New Benchmark using tfe

Goals:

  • Benchmarking tfe computation time locally with 3 players using a 5 layers conv2d + sigmoid models
  • Benchmarking tfe computation time remotely with 3 players on AWS around North America with 5 layers conv2d + sigmoid

Setup linting

We should add a linter to the code base so our code is conformant!

Python package

Make the library available as an easy to use package.

to_native not working in some cases

Seems like to_native on int100 tensor isn't working in some cases.

@jvmancuso ran into this issue and I did as well, not 100% sure what causes it because it generally works.

this can reproduce it, though

input = np.array((1,0,1,0, 0,1,0,1, 1,0,1,0, 0,1,0,1)).reshape(1, 4, 4, 1)
pool_input = prot.define_public_variable(input)
x = pool_input.reshape(1, 1, 4, 4)
x = x.im2col(whatever)
print(f'wow! {x}') # this will call `__repr__` which will call `to_native`

Explicit caching operation

The cache operation allows for reuse of values between session runs by basically storing tensors in variables behind the scene. This code was present in tensorspdz but have not been ported yet.

Note that the cache update strategy used in tensorspdz might not be fine-grained enough for future applications and should probably be reconsidered.

Setup Continuous Integration

Tests, linters, etc., should run on every pull request before they get merged.

We could look at Circle CI or Travis CI to achieve this :)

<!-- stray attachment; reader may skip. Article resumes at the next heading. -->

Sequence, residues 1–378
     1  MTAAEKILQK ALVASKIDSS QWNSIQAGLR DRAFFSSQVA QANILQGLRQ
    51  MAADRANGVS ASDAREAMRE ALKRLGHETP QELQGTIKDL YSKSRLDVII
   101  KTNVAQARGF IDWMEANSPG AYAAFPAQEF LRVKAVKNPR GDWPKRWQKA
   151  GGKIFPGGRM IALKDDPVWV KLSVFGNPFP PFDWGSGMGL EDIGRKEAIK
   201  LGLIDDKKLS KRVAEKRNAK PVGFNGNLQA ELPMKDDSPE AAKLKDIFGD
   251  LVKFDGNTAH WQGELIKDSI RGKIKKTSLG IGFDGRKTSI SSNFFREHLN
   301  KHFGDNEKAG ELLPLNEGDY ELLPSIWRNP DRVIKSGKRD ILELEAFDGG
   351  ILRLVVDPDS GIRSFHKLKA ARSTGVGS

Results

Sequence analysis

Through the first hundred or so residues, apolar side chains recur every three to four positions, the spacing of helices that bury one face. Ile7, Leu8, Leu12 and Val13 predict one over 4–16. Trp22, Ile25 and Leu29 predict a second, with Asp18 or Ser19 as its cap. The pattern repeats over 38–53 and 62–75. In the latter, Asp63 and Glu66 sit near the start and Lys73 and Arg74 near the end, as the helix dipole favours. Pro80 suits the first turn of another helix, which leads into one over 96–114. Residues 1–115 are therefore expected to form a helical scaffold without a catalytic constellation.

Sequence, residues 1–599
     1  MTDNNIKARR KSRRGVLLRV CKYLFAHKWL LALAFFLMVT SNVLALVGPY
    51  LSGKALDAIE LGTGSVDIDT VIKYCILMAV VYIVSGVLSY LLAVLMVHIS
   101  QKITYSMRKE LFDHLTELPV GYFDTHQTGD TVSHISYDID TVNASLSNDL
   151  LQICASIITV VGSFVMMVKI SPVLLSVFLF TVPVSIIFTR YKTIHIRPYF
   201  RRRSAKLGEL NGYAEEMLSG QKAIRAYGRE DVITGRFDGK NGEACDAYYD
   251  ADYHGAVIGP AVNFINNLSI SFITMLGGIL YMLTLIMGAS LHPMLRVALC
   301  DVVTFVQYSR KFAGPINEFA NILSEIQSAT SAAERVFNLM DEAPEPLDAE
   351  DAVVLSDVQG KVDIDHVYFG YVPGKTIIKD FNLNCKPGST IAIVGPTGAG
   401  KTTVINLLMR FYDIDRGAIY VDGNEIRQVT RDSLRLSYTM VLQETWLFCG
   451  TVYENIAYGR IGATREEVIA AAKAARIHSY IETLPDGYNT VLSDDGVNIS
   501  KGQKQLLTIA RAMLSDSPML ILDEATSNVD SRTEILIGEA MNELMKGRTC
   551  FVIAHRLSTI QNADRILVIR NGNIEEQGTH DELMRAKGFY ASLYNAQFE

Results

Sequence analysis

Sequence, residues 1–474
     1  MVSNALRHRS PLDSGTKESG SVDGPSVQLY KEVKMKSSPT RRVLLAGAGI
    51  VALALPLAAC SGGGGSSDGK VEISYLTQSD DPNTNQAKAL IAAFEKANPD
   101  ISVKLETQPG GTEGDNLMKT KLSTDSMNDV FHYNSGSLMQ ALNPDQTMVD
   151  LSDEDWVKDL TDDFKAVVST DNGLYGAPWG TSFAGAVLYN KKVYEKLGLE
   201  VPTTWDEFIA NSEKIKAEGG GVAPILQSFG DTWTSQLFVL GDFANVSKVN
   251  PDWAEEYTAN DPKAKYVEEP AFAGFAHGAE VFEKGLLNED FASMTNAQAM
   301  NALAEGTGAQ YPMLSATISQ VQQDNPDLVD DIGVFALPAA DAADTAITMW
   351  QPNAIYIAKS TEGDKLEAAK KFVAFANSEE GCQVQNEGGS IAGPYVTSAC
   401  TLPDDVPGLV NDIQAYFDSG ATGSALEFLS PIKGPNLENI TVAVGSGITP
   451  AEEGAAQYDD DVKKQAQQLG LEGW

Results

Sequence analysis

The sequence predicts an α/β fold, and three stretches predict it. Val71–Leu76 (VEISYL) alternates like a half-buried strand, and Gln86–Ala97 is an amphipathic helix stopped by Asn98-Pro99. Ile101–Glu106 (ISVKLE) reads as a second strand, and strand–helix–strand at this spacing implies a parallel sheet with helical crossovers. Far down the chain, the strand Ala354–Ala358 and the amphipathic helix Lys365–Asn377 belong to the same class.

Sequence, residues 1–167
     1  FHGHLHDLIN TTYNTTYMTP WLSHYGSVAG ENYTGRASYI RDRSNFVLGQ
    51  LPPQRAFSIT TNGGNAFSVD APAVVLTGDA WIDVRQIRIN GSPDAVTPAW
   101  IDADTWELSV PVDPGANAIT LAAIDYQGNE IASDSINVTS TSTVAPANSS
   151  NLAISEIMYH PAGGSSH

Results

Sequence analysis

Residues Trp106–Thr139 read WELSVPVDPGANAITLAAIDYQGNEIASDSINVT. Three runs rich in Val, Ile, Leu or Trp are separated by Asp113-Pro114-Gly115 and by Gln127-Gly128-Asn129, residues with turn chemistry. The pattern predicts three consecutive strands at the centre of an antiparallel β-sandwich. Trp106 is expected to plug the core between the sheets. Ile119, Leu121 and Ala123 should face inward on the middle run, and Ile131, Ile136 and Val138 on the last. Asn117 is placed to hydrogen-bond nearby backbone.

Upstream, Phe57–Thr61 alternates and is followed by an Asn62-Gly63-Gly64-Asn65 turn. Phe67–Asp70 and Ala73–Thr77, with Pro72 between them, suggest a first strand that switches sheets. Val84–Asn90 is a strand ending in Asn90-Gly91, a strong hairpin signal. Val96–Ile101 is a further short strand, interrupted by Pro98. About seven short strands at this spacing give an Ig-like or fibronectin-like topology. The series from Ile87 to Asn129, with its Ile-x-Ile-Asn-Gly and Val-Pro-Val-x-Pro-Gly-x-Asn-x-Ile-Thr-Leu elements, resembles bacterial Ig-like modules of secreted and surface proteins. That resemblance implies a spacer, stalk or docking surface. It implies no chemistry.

rename 'master' node

We should consider renaming the 'master' node to 'api' or similar to avoid the master/slave dichotomy that is now considered politically incorrect.

Flatten operation import conversion

To be able import a flatten operation we need to be able to run the following operations on the underlying tensors:

  • Pack
  • Reshape
  • StridedSlice
  • Shape

First steps for neural networks

Implement Keras-like layers and models for easily express (sequential) neural networks along the lines of what's done in pond.

Add additional matching example.

Allow options to be passed to GCP scripts

  • create should put $@ at the end to allow for eg passing in different machine types
  • change README to mention this in case CPU quota is reached
  • make 1 cpu default and suggest 4 cpu if allowed by account?
  • also change order in delete

Different tensorflow protobuf formats

There are a few different tensorflow protobuf formats. They are:

For importing we currently only support GraphDef which we're assuming it has the weights frozen directly in it. There are also cases where the GraphDef might have the weights stored in separate checkpoint files.

We need to investigate whether its better to support all three versions when converting a pre-trained model to and MPC graph or if supporting only GraphDef is sufficient.

My gut tells me we can get away with supporting only GraphDef for a while and once a MPC graph is built we can export that to a SavedModel for use with tensorflow serving (if we figure out that we can make use of tensorflow serving).

How does tf-encrypted integrate with TF Serving?

Tensorflow Serving is the defacto serving environment for predicting on a model trained in tensorflow.

We should figure out how this framework could/would integrate with that ecosystem component.

Connection attempt never times out

If for some reason we can't connect to one or more nodes, the program just sits stuck and never times out ever. We should add some reasonable defaults (say 30s)?

averagePooling2d SAME padding issue

Currently, AveragePooling2D works when the input is "tiled" by the kernel/stride settings, (i.e. a 2x2 kernel over a 4x4 input with stride 2), and this is true when padding is SAME or VALID. It also works for more general cases when padding is VALID. However, when padding is SAME and the pool_size requires zero padding in order to complete the last pooling patch, the behavior in TFE diverges from TF. This bug relates to how the count_include_pad argument works in pytorch.